Reference > Brewer’s Dictionary > Hanged or Strangled.

 Hang in the Bell Ropes (To).Hanged, Drawn, and Quartered. 
E. Cobham Brewer 1810–1897. Dictionary of Phrase and Fable. 1898.
Hanged or Strangled.
Examples from the ancient classic writers:—   1
(1) AC’HIUS, King of Lydia, endeavoured to raise a new tribute from his subjects, and was hanged by the enraged populace, who threw the dead body into the river Pacto’lus.
(2) AMA’TA, wife of King Lati’nus, promised her daughter Lavin’ia to King Turnus; when, however, she was given in marriage to Æne’as, Ama’ta lianged herself that she might not see the hated stranger. (Virgil: Æneid, vii.)
(3) ARACH’NE, the most skilful of needle-women, hanged herself because she was outdone in a trial of skill by Minerva. (Ovid: Metamorphoses, vi. fab. 1.)
(4) AUTOL’YCA, mother of Ulysses, hanged herself in despair on receiving false news of her son’s death.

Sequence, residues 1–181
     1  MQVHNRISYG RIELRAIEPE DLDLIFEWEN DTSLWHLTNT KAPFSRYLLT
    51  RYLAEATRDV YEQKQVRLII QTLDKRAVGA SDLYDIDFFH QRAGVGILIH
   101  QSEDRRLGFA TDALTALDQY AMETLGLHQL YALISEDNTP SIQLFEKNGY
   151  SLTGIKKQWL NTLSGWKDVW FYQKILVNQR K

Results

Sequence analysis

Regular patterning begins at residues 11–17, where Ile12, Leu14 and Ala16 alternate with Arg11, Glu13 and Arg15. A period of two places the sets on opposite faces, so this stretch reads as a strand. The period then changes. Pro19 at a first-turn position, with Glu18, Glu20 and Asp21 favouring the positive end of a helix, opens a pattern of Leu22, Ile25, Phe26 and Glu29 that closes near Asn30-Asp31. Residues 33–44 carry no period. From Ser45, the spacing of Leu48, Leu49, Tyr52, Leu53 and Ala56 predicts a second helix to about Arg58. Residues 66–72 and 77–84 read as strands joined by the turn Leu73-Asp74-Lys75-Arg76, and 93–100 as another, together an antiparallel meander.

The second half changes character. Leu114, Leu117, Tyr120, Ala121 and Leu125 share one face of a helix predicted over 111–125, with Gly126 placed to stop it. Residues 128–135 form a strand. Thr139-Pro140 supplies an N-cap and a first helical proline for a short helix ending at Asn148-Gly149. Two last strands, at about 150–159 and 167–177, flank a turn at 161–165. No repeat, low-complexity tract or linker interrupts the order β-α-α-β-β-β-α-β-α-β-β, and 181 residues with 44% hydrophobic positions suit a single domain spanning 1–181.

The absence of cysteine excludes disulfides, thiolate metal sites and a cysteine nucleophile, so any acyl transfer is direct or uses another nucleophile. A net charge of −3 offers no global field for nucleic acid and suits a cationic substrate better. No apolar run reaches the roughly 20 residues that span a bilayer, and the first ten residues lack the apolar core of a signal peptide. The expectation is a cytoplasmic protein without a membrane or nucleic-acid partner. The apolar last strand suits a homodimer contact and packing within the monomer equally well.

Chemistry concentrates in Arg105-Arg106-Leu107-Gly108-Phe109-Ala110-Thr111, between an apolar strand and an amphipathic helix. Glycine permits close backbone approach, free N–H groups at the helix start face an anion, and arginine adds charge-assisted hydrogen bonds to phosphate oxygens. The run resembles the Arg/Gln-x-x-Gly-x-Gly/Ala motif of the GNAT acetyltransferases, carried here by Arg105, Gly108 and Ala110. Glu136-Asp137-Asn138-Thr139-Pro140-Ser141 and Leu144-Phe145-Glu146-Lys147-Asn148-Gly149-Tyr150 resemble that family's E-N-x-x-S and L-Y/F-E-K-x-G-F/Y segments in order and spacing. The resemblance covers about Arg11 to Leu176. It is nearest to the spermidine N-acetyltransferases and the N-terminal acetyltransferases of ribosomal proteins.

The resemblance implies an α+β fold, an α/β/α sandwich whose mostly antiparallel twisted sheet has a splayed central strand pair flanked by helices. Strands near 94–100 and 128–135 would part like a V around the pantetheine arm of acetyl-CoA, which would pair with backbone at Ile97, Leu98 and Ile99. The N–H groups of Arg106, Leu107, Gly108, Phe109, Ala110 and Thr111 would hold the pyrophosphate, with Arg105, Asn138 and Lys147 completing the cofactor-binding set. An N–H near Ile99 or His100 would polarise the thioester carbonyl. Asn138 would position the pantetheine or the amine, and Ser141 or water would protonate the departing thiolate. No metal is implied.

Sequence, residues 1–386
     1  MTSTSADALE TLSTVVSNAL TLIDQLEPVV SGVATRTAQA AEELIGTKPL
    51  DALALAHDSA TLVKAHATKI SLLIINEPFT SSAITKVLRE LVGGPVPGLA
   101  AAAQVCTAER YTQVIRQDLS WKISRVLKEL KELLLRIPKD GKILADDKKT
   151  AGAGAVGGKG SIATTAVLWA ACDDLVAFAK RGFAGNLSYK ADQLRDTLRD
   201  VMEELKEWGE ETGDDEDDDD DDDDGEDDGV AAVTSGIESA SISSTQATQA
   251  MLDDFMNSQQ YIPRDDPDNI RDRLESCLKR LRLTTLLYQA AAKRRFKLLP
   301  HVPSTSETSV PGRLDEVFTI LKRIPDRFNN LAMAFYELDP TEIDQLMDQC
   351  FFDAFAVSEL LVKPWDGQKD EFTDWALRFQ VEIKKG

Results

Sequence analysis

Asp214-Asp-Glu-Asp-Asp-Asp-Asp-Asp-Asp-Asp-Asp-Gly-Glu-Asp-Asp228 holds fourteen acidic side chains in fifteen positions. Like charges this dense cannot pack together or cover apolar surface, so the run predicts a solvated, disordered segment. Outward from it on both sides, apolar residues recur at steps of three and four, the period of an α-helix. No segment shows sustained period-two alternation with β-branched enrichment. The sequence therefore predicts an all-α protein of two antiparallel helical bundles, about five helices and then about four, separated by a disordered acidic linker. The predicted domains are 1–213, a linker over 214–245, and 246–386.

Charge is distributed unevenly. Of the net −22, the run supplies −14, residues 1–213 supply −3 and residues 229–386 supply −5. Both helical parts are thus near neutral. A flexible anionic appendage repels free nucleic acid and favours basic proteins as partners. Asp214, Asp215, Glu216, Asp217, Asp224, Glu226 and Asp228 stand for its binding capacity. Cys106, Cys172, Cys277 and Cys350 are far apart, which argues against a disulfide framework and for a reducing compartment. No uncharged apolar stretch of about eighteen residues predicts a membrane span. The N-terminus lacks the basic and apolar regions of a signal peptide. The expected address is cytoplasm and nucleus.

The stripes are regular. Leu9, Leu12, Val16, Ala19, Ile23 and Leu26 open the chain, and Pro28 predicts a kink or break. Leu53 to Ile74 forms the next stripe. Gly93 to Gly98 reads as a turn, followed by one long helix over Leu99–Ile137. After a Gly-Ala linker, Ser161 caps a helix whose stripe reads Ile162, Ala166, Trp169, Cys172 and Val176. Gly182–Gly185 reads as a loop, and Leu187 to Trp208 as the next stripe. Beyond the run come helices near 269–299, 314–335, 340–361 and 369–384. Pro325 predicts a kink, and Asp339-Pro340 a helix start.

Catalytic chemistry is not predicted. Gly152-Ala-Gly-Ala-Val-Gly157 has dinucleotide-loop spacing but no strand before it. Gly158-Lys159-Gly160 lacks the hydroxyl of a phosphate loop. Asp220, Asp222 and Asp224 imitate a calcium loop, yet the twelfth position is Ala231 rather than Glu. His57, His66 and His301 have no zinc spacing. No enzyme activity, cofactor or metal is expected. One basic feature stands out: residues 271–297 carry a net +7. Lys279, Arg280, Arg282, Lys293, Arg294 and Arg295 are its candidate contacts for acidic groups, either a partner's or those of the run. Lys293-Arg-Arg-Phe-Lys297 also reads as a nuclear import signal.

(5) BONO’SUS, a Spaniard by birth, was strangled by the Emperor Probus for assuming the imperial purple in Gaul. (A.D. 280.)
(6) IPHIS, a beautiful youth of Salamis, of mean birth, hanged himself because his addresses were rejected by Anaxar’el a girl of Salamis of similar rank in life. (Ovid: Metamorphoses, xiv. 708, etc.)
(7) LATI’NUS, wife of. (See AMATA, ábove.)
(8) LYCAM’BES, father of Neobu’la, who betrothed her to Archil’ochos, the poet. He broke his promise, and gave her in marriage to a wealthier man. Archil’ochos so scourged them by his satires that both father and daughter hanged themselves.
(9) NEOBU’LA. (See above.)
(10) PHYLLIS, Queen of Thrace, the accepted of Demoph’oön, who stopped on her coasts on his return from Troy. Demophoön was called away to Athens, and prômised to return; but, failing so to do, Phyllis hanged herself.

 Hang in the Bell Ropes (To).Hanged, Drawn, and Quartered. 


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